Notice: Thanks to a kind reader we have been informed that this service is no longer available. Thankfully, she provided us with her own list of VPNs that are currently worth looking into at https://www.comparitech.com/blog/vpn-privacy/free-vpn/ so, read the article but visit this link. Thanks “K.S.”!!
Internet safety. It sounds a bit like an oxymoron sometimes. Nowadays there are so many things we have to take into consideration when visiting a websites; things like digital footprints and cookies, malware, spyware, viruses and Trojans. When you think about it, the Internet’s quite frightening. Your Internet Service Provider (ISP) knows everything that you’re doing online, websites track you, apps harass you and games offer you discounts on natural male enhancement… I guess that’s what you get for searching ‘snail male’. That tiny typo really screwed up your web experience, and that was more than a month ago!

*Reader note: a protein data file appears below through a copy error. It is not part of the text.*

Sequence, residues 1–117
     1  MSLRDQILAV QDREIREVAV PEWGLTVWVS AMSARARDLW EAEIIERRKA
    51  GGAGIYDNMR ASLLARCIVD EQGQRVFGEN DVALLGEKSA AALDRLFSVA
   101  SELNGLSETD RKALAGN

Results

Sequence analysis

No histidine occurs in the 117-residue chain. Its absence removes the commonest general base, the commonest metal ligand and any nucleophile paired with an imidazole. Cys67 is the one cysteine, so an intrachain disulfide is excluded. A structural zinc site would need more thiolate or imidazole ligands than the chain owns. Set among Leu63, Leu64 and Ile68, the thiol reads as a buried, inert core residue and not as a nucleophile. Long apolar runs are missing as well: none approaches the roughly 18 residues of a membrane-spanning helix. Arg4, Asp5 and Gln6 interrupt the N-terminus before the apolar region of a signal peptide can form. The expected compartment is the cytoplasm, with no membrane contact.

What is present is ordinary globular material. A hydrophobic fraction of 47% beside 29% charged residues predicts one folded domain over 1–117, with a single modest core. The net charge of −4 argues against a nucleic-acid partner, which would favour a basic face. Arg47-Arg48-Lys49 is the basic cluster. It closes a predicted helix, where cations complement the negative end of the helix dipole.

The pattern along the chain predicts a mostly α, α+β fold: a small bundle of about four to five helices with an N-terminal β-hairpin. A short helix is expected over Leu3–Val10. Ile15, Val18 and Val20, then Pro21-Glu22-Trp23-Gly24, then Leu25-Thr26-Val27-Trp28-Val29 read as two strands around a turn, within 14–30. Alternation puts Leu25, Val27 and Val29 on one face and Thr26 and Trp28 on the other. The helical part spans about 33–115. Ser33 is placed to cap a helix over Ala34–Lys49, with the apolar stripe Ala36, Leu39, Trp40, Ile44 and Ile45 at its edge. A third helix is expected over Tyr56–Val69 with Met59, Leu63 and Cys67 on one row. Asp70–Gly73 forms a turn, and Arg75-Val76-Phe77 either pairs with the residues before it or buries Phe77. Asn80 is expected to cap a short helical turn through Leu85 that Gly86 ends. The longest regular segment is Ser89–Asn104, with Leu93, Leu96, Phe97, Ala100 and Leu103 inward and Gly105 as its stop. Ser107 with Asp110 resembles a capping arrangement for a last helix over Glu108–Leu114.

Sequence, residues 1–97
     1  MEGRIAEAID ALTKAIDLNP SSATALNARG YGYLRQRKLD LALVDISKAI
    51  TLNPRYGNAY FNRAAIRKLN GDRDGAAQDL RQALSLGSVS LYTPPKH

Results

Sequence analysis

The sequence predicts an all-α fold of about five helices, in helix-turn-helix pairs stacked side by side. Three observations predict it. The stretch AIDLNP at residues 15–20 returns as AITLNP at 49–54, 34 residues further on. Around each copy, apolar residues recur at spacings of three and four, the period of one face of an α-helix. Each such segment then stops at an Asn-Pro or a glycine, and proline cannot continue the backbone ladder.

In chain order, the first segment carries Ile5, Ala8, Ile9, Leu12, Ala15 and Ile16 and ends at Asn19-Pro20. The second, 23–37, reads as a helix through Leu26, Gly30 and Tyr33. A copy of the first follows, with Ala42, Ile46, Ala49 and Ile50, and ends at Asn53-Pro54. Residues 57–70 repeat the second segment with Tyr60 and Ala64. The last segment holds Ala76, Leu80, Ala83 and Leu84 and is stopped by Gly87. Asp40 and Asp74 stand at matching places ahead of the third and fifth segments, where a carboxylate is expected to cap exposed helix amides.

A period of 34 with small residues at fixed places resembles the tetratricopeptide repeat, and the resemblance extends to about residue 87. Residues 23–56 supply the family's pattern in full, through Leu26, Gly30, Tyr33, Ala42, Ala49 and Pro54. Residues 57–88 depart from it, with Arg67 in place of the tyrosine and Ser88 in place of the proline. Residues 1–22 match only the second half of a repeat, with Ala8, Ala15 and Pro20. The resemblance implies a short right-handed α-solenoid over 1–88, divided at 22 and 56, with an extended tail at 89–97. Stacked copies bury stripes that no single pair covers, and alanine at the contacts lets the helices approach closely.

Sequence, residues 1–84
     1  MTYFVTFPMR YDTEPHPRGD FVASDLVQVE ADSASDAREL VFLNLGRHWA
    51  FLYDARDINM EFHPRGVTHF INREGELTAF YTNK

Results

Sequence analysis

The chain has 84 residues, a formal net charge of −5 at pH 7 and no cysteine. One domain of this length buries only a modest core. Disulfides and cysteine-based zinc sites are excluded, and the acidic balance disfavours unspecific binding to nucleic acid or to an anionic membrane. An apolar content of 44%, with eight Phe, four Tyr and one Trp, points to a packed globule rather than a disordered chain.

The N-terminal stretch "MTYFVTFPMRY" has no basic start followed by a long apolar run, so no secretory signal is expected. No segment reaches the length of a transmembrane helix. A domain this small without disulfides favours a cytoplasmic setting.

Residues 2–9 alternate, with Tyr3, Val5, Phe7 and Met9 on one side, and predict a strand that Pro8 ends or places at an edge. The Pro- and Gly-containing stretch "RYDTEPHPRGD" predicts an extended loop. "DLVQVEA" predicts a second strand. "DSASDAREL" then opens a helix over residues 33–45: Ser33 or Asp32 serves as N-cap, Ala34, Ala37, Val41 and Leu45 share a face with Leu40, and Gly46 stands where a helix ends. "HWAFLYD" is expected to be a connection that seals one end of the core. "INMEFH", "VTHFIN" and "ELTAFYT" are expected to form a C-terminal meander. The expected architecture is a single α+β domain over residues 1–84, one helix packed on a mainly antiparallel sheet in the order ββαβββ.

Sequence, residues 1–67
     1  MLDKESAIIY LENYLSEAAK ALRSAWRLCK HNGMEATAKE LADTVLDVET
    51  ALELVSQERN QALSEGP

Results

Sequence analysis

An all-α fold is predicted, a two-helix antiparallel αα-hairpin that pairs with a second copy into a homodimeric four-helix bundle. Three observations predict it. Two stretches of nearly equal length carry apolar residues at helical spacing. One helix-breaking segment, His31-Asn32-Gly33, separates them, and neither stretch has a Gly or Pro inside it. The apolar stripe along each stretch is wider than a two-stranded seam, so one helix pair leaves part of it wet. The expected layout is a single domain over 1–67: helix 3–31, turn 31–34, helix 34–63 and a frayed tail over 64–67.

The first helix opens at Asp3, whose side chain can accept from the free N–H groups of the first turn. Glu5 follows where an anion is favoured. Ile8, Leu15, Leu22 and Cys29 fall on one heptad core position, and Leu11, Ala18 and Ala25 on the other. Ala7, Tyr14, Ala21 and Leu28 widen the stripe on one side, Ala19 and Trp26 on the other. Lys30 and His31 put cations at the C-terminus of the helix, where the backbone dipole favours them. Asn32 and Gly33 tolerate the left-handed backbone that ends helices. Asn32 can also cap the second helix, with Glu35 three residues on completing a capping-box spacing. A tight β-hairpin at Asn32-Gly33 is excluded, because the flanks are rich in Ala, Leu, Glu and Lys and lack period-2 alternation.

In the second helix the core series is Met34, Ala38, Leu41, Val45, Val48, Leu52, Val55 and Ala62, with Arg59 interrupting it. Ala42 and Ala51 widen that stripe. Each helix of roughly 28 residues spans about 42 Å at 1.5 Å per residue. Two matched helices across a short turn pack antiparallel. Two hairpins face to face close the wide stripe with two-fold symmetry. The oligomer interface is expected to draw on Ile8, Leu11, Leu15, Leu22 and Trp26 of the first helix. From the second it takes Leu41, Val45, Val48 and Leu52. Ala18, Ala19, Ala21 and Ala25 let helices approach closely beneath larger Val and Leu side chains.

The web sucks. It spies on you and lets strangers know where you live and what you’re doing. People living on the other side of the world know your phone number and address and what colour underpants you’re wearing. How? Because you updated your status using a social media website and forgot to set the right privacy settings.
Wouldn’t it be great if there was something you could do to defend against ghosts and spies and bugs while keeping your searches and locations private? Heck, while we’re at it, why not throw in some super-duper encryption and maybe even a little something to help save on bandwidth! That would be awesome, wouldn’t it?! It’s too bad nothing like that exists. Nothing easy, anyway. I mean, accomplishing something like that could mean installing several strange programs, taking hours and hours to figure out how they work and even longer to try and configure them properly. Then there’s the inevitable bill! More money, more dishing out your credit card numbers, more downloads and bugs and spies and… Wait. What’s this?
Can it be? A… a solution? A simple, no-fuss, dummy-proof, FREE solution? This must be a dream. Somebody pinch me! I… I think I just creamed my… uh-oh.